Tuesday, August 25, 2015

Iran’s Oil Output Plans Put Focus on Opec Strategy
Anjli Raval, Oil and Gas Correspondent
Financial Times

Bijan Zanganeh, Iran’s oil minister, said on Tuesday the country would increase output by 500,000 barrels a day as soon as restrictions are removed, and a further 500,000 b/d in the months after.
“Iran will take back the market share of more than 1m barrels a day that it lost,” Mr Zanganeh said, according to state news agency Shana.

In July, Iran signed an agreement with six world powers to curb its nuclear programme in return for the lifting of sanctions on its economy. Philip Hammond, Britain’s foreign secretary, said this week he expected restrictions on Iran’s oil sales, which were imposed in 2012, to be removed as early as next spring.

The looming return of higher Iranian exports comes as oil prices have fallen to the lowest level since the financial crisis, with international benchmark ICE Brent hitting a six-year low of $42.23 a barrel on Monday.

That has heaped additional pressure on Saudi Arabia, the world’s largest exporter, which led Opec’s decision to eschew the group’s usual production cuts when prices started falling last summer.

Its policy was predicated on pushing more expensive producers out of the market and letting lower prices boost demand. But the slowdown in China’s economy, which roiled world markets at the start of this week, has led some to ask whether demand will be as strong as Riyadh hoped.

Despite the world’s biggest energy companies slashing billions of dollars in investment, supply has also been more resilient than expected. The increase in demand so far has not been enough to sop up the glut.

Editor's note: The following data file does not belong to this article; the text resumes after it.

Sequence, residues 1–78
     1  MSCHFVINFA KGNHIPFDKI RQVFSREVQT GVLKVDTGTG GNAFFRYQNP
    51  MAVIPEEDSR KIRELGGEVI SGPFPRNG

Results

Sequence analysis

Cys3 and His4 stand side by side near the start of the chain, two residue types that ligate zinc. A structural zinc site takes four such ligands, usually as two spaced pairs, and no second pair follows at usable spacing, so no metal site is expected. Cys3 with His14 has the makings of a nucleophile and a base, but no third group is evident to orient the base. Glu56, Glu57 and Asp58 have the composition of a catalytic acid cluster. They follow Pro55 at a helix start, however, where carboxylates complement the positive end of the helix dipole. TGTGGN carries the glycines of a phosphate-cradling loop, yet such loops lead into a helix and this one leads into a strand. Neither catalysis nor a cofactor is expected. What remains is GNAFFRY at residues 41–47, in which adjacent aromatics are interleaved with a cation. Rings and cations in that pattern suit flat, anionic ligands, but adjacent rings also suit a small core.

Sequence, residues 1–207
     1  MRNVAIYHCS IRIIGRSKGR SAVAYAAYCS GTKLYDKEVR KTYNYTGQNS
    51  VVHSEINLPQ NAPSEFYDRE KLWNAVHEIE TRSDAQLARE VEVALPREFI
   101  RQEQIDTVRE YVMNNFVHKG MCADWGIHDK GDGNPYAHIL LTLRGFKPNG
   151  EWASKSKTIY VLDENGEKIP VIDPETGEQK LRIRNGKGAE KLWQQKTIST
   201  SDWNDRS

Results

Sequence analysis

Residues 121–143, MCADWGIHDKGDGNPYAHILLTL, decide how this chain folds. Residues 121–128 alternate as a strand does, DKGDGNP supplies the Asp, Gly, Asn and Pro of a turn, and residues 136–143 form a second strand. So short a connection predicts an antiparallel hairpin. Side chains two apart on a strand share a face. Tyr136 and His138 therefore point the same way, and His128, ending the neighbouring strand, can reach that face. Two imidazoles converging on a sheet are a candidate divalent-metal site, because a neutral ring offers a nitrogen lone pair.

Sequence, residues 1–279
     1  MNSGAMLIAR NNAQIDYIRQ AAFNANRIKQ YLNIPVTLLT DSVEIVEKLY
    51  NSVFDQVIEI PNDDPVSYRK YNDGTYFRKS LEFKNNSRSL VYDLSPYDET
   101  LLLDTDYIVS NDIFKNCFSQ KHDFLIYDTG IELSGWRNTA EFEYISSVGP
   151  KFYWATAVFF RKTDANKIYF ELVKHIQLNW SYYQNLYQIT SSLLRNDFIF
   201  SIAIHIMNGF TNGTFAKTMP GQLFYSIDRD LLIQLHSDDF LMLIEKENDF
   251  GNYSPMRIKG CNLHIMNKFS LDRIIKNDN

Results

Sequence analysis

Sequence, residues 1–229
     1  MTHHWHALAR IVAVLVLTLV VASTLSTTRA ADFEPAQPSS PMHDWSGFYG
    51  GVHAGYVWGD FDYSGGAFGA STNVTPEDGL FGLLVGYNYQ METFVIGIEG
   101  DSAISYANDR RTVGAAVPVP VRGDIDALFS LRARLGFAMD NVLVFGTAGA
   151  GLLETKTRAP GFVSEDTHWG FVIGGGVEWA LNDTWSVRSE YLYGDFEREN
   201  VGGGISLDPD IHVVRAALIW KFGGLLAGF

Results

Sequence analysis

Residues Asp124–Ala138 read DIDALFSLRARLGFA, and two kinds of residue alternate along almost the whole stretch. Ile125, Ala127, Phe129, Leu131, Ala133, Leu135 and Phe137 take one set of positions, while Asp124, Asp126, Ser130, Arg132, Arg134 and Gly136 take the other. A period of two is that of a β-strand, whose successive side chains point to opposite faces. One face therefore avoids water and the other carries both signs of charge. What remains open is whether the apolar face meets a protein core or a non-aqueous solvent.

“If demand growth is revised down for the latter half of the year if these problems with China persist this could be problematic,” said Ehsan ul-Haq, oil analyst at KBC Energy Economics.

“More time is needed for a significant impact on overall production to achieve equilibrium. Such a balance is still not yet in sight,” he added.

Algeria, one of the weakest economies within Opec, has called for an emergency meeting of the 12 member countries to review the policy. Iran has lent support to the idea, but has nevertheless indicated it would sell its oil at any price.

“We should sell our oil whether the price falls or goes to $100 [a barrel],” Mr Zanganeh said. “Even though we would like to sell our oil more expensively, the price is determined by the market.”

Many analysts have more conservative estimates about how many additional Iranian barrels could come to market in the coming months, but they are still seen adding to a supply overhang averaging about 2m barrels a day.

Most analysts think Opec will not capitulate and cut production even as prices test new lows. Brent rebounded to $43.50 a barrel in afternoon trading on Tuesday.

Saudi Arabia and economically stronger members of the cartel are not “altruistic enough to cut their production purely to benefit the rest of Opec and non-Opec producers”, said Thomas Pugh, commodities economist at Capital Economics.

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